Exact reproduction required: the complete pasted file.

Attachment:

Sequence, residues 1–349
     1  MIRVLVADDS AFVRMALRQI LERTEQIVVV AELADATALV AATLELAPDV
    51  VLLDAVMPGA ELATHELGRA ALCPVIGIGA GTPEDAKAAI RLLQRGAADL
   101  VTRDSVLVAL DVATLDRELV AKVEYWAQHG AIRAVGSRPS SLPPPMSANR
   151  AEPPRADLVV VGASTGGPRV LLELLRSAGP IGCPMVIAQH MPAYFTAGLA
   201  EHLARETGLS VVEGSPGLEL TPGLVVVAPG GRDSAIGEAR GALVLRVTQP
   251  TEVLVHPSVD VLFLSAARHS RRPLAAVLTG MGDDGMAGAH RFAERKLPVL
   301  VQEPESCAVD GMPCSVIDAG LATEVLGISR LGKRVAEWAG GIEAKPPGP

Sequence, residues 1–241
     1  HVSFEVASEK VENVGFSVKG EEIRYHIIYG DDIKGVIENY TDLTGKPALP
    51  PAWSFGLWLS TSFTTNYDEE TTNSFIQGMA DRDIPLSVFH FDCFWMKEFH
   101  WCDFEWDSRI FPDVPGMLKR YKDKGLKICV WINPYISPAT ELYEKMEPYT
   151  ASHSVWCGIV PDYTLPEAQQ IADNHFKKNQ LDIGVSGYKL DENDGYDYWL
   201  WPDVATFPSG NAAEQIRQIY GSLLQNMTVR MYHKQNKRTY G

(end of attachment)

Sequence, residues 1–349
     1  MIRVLVADDS AFVRMALRQI LERTEQIVVV AELADATALV AATLELAPDV
    51  VLLDAVMPGA ELATHELGRA ALCPVIGIGA GTPEDAKAAI RLLQRGAADL
   101  VTRDSVLVAL DVATLDRELV AKVEYWAQHG AIRAVGSRPS SLPPPMSANR
   151  AEPPRADLVV VGASTGGPRV LLELLRSAGP IGCPMVIAQH MPAYFTAGLA
   201  EHLARETGLS VVEGSPGLEL TPGLVVVAPG GRDSAIGEAR GALVLRVTQP
   251  TEVLVHPSVD VLFLSAARHS RRPLAAVLTG MGDDGMAGAH RFAERKLPVL
   301  VQEPESCAVD GMPCSVIDAG LATEVLGISR LGKRVAEWAG GIEAKPPGP

Sequence, residues 1–241
     1  HVSFEVASEK VENVGFSVKG EEIRYHIIYG DDIKGVIENY TDLTGKPALP
    51  PAWSFGLWLS TSFTTNYDEE TTNSFIQGMA DRDIPLSVFH FDCFWMKEFH
   101  WCDFEWDSRI FPDVPGMLKR YKDKGLKICV WINPYISPAT ELYEKMEPYT
   151  ASHSVWCGIV PDYTLPEAQQ IADNHFKKNQ LDIGVSGYKL DENDGYDYWL
   201  WPDVATFPSG NAAEQIRQIY GSLLQNMTVR MYHKQNKRTY G